It's been snowing for a few days now and all day today the city has been continually dusted with snow.
The bike lane snowploughs have been working overtime. You can hear them drone past late at night and they continue through the day. A fleet of small tractors are assisting them in keeping the bike lanes clear and salted.
On the high usage routes the snowploughs run in pairs, one off to the right and the one behind off to the left, in order to clear the whole width of the bike lane. On routes with lesser traffic, like the photo above, the snowploughs just clear an even path through the snow to accomodate the cyclists. Then they head off to help out on the main routes.
Quite the logistical challenge, but it seems to run like clockwork. The mere fact that a few hundred thousands bicycles move around the city each day helps keep the bike lanes clear, too.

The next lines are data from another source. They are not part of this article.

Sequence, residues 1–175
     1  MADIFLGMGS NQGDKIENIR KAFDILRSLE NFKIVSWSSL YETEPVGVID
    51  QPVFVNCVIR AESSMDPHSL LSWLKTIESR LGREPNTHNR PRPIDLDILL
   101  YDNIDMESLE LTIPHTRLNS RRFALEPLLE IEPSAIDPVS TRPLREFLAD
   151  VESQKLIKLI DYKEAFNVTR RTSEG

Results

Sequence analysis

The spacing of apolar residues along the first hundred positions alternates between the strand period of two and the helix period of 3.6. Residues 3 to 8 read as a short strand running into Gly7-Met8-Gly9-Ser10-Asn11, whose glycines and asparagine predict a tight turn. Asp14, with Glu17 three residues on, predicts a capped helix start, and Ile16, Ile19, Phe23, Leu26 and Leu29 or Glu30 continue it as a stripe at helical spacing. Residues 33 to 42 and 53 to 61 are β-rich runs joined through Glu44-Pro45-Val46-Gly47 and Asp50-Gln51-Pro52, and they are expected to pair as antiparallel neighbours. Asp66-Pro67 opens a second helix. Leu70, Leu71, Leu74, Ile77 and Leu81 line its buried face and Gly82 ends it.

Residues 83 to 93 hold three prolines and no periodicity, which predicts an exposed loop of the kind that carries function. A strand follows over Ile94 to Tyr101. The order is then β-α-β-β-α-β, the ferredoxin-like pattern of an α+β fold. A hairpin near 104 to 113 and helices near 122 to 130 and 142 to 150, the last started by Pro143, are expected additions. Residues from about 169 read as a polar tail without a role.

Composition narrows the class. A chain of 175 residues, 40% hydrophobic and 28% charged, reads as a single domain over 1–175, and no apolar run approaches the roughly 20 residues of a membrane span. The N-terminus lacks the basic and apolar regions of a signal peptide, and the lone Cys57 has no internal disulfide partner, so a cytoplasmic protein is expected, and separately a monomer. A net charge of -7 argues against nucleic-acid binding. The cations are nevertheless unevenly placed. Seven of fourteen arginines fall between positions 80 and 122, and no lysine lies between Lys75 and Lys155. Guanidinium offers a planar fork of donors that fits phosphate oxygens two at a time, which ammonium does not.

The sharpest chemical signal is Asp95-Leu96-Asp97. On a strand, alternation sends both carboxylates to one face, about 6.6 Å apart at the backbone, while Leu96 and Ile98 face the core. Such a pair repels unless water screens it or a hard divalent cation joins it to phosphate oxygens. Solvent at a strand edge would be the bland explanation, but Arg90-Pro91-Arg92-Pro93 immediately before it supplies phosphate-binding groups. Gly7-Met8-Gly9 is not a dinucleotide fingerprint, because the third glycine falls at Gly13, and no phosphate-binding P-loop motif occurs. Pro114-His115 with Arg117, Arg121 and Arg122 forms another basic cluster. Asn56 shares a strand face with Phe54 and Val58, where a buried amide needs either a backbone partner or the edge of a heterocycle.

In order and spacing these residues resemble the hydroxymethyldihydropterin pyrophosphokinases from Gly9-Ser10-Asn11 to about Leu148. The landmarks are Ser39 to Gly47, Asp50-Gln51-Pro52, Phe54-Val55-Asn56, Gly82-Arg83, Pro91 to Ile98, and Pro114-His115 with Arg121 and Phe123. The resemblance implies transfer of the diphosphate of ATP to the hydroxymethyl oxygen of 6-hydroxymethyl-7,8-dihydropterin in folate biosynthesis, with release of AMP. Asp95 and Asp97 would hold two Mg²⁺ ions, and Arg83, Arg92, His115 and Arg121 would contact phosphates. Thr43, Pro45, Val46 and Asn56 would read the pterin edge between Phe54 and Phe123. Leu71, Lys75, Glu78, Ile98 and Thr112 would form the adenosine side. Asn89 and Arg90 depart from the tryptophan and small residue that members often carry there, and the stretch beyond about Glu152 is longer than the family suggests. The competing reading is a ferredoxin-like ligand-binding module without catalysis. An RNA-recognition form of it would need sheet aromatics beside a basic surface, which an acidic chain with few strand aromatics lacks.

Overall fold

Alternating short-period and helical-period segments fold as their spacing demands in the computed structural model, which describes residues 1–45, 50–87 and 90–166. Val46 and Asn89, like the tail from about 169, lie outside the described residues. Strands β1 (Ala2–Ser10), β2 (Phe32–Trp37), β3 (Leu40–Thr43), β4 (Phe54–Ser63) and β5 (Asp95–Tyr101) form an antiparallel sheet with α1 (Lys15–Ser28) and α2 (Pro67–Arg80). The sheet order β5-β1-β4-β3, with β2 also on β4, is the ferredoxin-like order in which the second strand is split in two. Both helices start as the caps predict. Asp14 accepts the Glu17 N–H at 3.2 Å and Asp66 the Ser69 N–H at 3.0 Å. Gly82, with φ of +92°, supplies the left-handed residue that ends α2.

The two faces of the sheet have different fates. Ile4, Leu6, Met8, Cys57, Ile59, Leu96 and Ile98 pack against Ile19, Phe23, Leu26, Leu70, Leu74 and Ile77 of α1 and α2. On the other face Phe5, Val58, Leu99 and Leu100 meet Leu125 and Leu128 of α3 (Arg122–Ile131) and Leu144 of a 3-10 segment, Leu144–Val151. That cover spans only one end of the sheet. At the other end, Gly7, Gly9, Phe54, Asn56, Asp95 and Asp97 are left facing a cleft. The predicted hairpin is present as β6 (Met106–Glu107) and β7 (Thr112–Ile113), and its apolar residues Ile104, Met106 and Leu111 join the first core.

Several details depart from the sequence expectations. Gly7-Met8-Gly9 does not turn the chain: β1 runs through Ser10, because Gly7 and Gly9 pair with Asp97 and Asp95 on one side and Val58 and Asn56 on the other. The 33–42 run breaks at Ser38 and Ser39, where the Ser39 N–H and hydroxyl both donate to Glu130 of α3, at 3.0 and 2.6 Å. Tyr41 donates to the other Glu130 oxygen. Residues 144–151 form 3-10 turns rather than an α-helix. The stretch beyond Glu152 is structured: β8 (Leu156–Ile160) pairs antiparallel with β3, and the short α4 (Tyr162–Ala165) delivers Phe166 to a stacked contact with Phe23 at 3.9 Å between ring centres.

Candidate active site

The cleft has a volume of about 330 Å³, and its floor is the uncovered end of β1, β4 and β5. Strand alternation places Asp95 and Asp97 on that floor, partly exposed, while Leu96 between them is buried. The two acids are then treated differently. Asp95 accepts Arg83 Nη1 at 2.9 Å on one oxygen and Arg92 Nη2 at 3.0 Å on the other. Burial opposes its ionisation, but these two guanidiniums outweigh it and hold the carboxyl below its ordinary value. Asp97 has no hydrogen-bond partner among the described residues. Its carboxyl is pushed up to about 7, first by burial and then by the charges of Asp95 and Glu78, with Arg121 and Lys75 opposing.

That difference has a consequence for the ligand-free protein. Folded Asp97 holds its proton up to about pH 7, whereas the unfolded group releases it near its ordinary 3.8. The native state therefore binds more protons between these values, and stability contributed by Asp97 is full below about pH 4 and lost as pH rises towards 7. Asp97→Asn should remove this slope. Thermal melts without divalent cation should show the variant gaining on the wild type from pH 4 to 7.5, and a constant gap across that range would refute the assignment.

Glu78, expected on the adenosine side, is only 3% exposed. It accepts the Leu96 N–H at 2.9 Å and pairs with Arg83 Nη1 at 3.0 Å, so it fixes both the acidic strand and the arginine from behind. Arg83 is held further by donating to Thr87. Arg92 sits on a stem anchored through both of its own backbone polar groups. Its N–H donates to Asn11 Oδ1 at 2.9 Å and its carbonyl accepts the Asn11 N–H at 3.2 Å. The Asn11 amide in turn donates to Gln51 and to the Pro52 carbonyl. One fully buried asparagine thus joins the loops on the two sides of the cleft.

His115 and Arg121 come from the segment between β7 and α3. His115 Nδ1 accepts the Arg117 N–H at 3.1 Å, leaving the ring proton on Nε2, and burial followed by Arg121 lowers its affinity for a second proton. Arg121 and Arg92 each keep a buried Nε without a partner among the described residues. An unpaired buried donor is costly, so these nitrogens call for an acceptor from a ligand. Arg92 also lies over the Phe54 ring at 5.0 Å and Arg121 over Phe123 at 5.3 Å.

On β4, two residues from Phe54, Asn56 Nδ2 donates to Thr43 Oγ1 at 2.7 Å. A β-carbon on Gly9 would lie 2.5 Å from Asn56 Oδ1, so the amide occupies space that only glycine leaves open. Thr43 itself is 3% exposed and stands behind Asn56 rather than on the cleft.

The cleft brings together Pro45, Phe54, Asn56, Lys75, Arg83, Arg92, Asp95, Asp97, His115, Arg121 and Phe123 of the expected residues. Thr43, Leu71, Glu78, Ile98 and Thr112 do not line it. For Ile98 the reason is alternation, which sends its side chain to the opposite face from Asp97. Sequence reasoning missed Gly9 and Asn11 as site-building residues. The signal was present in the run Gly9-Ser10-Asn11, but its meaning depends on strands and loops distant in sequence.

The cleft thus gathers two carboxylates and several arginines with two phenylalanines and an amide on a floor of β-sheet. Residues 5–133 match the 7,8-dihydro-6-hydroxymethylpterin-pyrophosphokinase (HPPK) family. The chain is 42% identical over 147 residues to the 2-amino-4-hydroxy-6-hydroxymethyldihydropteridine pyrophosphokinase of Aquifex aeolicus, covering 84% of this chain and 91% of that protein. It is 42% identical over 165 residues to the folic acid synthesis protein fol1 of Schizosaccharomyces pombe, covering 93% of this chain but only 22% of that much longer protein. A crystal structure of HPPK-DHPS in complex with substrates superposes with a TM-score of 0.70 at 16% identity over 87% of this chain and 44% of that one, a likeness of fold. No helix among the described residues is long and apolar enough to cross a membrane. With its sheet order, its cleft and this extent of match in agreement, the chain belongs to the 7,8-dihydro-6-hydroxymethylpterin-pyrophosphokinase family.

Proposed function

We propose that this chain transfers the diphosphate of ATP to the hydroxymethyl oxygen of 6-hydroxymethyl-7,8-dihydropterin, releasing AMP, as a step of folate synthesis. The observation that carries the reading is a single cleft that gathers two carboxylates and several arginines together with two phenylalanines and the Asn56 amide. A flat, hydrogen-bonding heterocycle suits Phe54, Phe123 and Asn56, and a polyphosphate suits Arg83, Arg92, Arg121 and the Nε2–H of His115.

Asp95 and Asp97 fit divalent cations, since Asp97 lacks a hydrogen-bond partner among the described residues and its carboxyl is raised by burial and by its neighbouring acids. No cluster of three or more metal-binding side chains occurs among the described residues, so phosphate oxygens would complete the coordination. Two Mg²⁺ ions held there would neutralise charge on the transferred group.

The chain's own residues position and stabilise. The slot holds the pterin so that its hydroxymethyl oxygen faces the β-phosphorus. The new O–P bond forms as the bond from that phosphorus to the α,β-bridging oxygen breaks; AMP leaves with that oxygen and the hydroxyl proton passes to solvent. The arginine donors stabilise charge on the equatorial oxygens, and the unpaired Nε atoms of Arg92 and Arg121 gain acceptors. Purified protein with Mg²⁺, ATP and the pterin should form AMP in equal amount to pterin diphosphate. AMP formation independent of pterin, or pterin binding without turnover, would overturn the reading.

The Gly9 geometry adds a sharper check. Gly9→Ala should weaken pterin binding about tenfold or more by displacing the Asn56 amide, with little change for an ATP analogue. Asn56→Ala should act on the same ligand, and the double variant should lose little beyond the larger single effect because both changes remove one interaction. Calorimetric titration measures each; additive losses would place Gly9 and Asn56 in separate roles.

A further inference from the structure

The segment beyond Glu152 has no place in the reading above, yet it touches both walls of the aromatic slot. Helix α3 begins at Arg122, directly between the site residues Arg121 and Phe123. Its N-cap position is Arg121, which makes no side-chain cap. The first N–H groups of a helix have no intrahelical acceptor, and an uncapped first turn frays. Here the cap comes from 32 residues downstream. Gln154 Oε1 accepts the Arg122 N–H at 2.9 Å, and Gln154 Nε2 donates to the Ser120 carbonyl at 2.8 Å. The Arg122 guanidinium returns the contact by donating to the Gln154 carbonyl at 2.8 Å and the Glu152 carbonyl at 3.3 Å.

People are cycling a bit slower, but it's not that noticeable. Cycling straight in the snow requires little change of style. Cornering requires concentration, but the past few days I haven't seen anybody slip or slide or wobble, let alone anyone falling off. Experience pays off, as does the advantage of cycling in large crowds, where the flock adjusts the speed and increases awareness - in concerto.
Actually I find the sound of bike lane snowploughs outside my window to be a perfect weather report. I live on a street with a medium level of cyclists - about 10,000 a day - so it's a street that is salted first. If we hear the snowploughs drive past, it usually means that snow is on the way.
Nothing to do with bikes but I just saw on the news that in the suburban sprawl the rubbish collectors aren't bothering picking up the rubbish if you don't clear the snow off your sidewalks and driveways. Guess that's pretty universal.